Perhaps the most enticing story so far has been that of Kim Clijsters, continuing her return from retirement as an unseeded player in New York. She passed her first round test as expected with a 61, 60 win over Kutuzova to set up a rematch with Marion Bartoli; the Frenchwoman took the first 75 but Clijster flicked the switch and took the next two sets at the expense of just three games. In the third round she comfortably saw off compatriot and friend Kirsten “Flipper” Flipkens to set up a fourth round match against No. 3 seed Venus Williams. Her opponent has spent this tournament again playing with wrapped knees and had seen off Dushevina, Mattek-Sands and Rybarikova to reach this round, and although she  is clearly having problems with her knee, it isn’t stopping her from competing in doubles with her sister. The match was turned on it’s head in the first two sets as each player bagelled the other, first Clijsters and then Venus, and a tight third set saw just one break in favour of the Belgian, enabling her to send Venus crashing with a 64 victory. Next she faces Li Na in the quarter-final before potentially facing Serena Williams in the semis.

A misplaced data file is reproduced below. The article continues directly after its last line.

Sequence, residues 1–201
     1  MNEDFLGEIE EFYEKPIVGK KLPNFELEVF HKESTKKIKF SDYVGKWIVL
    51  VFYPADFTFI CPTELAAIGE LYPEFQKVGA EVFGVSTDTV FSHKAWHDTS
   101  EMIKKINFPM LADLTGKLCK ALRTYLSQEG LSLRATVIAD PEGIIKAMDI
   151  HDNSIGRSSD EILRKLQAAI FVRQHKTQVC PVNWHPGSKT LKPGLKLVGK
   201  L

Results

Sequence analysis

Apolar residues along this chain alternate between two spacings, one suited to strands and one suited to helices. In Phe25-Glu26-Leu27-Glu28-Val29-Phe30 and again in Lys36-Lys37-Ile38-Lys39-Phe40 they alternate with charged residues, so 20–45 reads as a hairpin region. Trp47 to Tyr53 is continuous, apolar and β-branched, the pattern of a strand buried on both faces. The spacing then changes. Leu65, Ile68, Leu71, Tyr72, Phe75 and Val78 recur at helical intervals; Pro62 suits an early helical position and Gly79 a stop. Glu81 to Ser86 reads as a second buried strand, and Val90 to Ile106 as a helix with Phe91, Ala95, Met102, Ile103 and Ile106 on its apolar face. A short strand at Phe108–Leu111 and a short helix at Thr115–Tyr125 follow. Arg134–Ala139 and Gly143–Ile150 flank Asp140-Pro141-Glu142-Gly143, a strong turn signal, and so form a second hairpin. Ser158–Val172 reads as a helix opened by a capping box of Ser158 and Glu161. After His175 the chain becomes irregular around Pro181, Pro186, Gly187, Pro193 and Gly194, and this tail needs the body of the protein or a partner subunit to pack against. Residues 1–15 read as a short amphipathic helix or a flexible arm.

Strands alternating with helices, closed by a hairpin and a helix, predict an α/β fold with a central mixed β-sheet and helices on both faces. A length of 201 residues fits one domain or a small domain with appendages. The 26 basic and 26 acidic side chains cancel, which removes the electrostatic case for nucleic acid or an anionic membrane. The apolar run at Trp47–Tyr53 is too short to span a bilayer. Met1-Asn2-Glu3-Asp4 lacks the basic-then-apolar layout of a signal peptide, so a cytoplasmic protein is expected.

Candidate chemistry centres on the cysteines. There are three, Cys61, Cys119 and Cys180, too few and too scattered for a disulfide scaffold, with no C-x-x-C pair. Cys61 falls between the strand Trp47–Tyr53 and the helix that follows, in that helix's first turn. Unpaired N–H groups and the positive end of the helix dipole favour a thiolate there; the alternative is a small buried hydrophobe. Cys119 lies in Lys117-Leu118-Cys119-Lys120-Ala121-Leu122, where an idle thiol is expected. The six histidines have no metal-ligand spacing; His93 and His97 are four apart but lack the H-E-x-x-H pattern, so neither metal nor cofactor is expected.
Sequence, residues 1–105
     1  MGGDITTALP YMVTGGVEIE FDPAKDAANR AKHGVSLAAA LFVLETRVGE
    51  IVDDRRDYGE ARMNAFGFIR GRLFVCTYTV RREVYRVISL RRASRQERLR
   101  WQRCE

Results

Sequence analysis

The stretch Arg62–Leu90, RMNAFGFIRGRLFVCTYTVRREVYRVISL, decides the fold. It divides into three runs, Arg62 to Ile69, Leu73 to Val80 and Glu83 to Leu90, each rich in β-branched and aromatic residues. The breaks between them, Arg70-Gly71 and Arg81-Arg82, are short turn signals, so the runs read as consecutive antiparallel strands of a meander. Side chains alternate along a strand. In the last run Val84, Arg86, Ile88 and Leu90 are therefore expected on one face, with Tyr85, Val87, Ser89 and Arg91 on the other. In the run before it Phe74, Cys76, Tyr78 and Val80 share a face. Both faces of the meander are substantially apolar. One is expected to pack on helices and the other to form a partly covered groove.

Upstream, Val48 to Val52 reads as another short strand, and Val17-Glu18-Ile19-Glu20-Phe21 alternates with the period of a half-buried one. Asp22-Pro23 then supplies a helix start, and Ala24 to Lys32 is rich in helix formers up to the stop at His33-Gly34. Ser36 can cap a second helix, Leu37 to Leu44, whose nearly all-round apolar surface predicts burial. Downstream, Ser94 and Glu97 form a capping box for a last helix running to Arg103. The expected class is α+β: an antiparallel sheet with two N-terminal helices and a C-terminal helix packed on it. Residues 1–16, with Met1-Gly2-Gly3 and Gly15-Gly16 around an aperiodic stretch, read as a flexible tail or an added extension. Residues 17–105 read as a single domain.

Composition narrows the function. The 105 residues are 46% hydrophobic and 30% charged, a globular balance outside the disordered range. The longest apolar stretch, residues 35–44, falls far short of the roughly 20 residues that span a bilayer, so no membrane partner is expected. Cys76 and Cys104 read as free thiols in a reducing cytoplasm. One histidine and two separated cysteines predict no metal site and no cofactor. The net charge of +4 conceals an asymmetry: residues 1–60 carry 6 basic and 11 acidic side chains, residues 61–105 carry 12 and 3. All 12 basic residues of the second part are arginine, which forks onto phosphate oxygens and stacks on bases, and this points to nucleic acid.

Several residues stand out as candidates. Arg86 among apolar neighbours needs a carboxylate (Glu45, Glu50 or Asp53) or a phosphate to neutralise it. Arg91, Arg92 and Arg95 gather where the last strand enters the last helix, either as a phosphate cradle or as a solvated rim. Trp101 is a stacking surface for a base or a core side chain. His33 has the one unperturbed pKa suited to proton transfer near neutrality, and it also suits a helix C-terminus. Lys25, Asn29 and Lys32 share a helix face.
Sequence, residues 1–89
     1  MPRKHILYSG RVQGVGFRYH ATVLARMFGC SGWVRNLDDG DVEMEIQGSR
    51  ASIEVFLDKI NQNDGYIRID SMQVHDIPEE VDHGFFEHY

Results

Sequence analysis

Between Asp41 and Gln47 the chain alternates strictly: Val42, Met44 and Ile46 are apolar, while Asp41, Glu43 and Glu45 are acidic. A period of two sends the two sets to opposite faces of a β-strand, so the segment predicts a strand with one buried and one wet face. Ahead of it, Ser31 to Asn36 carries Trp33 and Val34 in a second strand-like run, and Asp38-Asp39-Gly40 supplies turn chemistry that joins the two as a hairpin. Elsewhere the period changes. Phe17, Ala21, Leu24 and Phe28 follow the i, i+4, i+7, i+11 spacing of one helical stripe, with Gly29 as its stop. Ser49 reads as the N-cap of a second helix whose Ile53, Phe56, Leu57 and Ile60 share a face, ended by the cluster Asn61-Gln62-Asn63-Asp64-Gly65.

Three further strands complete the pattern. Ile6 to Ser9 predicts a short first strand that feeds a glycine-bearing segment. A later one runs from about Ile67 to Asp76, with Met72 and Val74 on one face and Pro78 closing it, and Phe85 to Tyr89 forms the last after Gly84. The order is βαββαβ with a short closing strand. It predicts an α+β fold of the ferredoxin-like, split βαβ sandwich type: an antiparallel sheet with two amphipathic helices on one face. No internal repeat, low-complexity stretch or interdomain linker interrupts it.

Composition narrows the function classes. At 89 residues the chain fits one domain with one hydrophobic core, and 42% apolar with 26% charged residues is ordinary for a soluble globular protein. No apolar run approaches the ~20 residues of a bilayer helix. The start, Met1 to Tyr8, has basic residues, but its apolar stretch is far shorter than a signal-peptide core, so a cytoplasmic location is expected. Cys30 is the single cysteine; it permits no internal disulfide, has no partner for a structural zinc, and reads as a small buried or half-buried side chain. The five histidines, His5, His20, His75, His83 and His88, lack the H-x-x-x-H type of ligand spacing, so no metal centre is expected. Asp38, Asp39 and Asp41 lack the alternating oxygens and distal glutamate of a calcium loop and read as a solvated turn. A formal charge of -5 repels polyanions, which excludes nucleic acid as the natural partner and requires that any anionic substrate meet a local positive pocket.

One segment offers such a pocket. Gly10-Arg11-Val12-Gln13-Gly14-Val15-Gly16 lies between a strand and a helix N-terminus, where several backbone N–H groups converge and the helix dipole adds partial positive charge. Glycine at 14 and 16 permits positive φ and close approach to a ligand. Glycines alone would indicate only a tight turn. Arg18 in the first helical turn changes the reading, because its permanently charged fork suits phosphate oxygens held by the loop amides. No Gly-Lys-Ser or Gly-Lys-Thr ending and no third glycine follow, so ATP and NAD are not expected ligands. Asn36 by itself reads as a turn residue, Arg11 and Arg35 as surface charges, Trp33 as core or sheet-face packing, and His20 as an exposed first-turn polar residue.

The American crowds are all excited about 17 year old Melanie Oudin who has had great success so far, coming from a set down to beat Elena Dementieva in the second round, before doing exactly the same thing in the next round to Maria Sharapova. After beating Shvedova, who herself pulled off an upset with the beating of Jelena Jankovic, Oudin faces another Russian today in the form of Nadia Petrova for a place in the QF, and the top half of the draw has really opened up following Oudin’s dismissal of two top players, added to the exit of Dinara Safina who lost to Petra Kvitova after scraping her way through the first two rounds. Victoria Azarenka is also out at the hands of Francesca Schiavone and the two main seeds left in that half are Caroline Wozniacki and Svetlana Kuznetsova – who face each other today in a fourth round match. Kvitova faces Yanina Wickmayer and the winner will meet either Gisela Dulko or Kateryna Bondarenko in the QF. Either Wozniacki or Kuznetsova will face the winner of Oudin-Petrova.